Virginia Threatens Secession over the Wilmot Proviso, March 8, 1847
The Wilmot Proviso was a bill submitted in the U.S. House that would prohibit slavery from the territories acquired during the Mexican American War. The Virginia General Assembly threatens that the passage of this provision would break up the United States of America.
Resolutions from the Acts of Virginia, 1848-49, pages 247-8, from “State Documents on Federal Relations: The States and the United States, No. VI. Slavery and the Constitution, 1845-1861,” edited by Herman V. Ames, published by The Department of History of the University of Pennsylvania, 1906.
Resolution is as follows:
Whereas a bill appropriating money to prosecute war or negotiate peace with the Republic of Mexico, has passed the house of representatives of the United States, with the following proviso attached thereto: “Provided, That as an express and fundamental condition to the acquisition of any territory from the Republic of Mexico by the United States, by virture of any treaty which may be negotiated between them, and to the use by the executive of the moneys herein appropriated, neither slavery nor involuntary servitude shall ever exist in any part of said territory, except for crime, whereof the party shall be first duly convicted.” And this general assembly deeming this proviso to be destructive of the compromises of the constitution of the United States, and an attack on the dearest rights of the south, as well as a dangerous and alarming usurpation by the federal government: Therefore;
1. Be it resolved unanimously by the general assembly of Virginia, That the government of the United States has no control, directly or indirectly, mediately or immediately, over the institution of slavery, and that in taking any such control, it transcends the limits of its legitimate functions by destroying the internal organization of the sovereignties who created it.
2. Resolved unanimously, That all territory which may be acquired by the arms of the United States, or yielded by treaty with any foreign power, belongs to the several states of this union, as their joint and common property, in which each and all have equal rights, and that the enactment by the federal government of any law which should directly or by its effects prevent the citizens of any state from emigrating with their property of whatever description into such territory would make a discrimination unwarranted by and in violation of the constitution and the rights of the states from which such citizens emigrated, and in derogation of that perfect equality that belongs to the several states as members of this Union, and would tend directly to subvert the Union itself.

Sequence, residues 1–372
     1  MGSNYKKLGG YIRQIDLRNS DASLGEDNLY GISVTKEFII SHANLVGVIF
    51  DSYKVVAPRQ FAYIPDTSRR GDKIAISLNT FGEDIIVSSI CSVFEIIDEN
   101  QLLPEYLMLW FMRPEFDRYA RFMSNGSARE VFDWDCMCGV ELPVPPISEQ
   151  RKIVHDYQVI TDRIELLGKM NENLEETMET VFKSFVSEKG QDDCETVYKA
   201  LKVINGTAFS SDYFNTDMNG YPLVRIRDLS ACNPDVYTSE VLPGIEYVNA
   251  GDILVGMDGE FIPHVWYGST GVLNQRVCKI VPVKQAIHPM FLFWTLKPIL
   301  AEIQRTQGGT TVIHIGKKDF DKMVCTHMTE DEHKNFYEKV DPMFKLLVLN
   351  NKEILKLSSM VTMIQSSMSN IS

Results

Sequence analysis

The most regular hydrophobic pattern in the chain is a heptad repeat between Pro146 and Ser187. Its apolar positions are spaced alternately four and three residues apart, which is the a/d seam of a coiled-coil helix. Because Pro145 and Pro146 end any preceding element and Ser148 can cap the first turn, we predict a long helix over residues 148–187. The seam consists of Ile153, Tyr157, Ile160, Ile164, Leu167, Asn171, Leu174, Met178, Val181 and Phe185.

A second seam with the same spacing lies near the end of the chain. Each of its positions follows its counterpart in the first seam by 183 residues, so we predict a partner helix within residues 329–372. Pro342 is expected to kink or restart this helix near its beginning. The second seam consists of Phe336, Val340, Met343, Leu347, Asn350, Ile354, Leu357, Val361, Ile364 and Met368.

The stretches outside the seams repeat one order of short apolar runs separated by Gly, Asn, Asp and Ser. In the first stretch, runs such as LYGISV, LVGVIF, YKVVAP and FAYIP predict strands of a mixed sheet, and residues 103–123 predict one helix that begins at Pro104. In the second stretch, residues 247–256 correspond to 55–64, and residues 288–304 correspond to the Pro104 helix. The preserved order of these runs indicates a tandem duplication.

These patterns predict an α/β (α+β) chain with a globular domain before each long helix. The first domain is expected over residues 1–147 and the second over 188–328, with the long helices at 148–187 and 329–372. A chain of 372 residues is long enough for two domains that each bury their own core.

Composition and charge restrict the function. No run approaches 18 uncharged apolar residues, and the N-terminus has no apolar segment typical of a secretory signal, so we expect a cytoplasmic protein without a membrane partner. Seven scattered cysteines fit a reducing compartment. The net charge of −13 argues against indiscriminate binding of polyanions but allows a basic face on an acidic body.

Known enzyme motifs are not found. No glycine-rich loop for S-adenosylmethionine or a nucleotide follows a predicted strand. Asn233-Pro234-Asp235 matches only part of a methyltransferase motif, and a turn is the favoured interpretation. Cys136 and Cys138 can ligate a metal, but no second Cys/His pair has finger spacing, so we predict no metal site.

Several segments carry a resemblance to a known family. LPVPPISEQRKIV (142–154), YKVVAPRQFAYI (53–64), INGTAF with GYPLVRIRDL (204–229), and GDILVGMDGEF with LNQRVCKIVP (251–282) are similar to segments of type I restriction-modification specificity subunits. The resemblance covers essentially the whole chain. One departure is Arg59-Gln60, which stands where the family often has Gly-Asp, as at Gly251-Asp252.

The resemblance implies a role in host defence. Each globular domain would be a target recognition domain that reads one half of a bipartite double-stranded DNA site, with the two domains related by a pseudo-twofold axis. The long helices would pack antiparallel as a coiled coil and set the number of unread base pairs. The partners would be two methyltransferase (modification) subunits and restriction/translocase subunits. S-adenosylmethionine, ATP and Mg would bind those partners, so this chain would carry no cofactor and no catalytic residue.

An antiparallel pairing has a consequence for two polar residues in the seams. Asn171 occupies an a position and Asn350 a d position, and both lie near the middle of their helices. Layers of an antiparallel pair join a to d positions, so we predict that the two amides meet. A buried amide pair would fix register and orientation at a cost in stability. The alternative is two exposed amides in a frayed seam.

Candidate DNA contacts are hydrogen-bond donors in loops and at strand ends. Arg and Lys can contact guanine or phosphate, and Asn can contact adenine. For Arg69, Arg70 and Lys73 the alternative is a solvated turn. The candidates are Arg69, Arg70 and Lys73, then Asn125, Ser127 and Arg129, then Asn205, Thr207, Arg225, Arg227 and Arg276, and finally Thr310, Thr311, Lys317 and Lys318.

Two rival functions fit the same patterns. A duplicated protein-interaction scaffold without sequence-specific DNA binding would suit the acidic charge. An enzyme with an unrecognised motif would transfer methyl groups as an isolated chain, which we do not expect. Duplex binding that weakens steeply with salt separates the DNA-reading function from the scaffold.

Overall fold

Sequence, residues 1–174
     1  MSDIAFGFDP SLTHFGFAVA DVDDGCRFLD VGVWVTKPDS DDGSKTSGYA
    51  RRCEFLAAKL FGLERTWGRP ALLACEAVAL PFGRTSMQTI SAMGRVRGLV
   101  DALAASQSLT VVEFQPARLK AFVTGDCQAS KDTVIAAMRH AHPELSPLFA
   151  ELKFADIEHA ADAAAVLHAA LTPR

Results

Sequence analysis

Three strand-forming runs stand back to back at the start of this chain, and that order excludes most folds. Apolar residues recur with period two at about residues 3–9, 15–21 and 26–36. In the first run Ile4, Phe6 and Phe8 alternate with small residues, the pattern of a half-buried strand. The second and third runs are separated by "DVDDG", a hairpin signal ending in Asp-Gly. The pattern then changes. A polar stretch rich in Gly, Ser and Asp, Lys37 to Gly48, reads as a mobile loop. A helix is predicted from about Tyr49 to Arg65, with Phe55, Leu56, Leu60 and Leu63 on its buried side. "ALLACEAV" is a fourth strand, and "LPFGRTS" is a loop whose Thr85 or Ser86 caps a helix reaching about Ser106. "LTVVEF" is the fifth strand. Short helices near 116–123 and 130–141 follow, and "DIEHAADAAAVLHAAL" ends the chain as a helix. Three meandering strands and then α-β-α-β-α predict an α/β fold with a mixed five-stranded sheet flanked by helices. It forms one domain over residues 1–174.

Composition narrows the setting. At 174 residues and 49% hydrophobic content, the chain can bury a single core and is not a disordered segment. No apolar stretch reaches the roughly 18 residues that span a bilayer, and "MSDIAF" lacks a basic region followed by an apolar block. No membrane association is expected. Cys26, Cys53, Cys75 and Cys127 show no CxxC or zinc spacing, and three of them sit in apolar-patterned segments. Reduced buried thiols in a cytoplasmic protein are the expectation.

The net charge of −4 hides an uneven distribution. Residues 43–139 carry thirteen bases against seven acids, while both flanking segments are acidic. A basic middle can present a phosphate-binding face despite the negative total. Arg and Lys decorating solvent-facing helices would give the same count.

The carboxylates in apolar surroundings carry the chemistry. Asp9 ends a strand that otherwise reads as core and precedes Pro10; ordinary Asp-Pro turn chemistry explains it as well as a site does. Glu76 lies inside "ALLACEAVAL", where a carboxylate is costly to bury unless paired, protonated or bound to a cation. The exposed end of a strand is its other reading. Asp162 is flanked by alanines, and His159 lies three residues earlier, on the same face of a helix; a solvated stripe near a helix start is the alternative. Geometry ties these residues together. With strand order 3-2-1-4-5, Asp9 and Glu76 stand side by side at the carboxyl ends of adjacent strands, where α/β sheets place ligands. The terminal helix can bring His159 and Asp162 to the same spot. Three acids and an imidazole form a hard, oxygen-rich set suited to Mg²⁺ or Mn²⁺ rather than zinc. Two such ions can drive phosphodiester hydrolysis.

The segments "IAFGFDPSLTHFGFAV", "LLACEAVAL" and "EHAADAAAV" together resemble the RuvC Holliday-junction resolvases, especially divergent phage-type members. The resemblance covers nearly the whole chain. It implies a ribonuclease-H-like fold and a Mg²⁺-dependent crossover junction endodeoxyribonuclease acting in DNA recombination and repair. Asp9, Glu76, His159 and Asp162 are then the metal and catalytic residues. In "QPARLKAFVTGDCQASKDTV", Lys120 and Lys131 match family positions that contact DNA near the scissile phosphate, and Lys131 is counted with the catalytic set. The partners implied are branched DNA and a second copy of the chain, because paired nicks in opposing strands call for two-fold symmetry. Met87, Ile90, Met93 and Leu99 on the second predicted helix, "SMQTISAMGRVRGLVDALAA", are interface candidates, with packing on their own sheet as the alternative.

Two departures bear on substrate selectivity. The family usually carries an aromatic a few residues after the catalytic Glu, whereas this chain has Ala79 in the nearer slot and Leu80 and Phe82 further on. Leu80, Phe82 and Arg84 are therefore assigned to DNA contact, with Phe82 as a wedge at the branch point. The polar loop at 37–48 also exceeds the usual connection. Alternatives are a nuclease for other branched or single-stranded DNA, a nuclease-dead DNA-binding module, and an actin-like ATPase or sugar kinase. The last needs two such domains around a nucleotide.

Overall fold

3. Resolved, That if in disregard alike of the spirit and principles of the act of congress on the admission of the state of Missouri into the Union, generally known as the Missouri compromise, and of every consideration of justice, of constitutional right and of fraternal feeling, the fearful issue shall be forced upon the country, which must result from the adoption and attempted enforcement of the proviso aforesaid as an act of the general government, the people of Virginia can have no difficulty in choosing between the only alternatives that will then remain of abject submission to aggression and outrage on the one hand, or determined resistance on the other, at all hazards and to the last extremity.
4. Resolved unanimously, That the general assembly holds it to be the duty of every man in every section of this confederacy, if the Union is dear to him, to oppose the passage of any law for whatever purpose, by which territory to be acquired may be subject to such a restriction.
5. Resolved unanimously, That the passage of the above mentioned proviso makes it the duty of every slaveholding state, and of all the citizens thereof, as they value their dearest privileges, their sovereignty, their independence, their rights of property, to take firm, united and concerted action in this emergency.
[Resolutions of transmission.]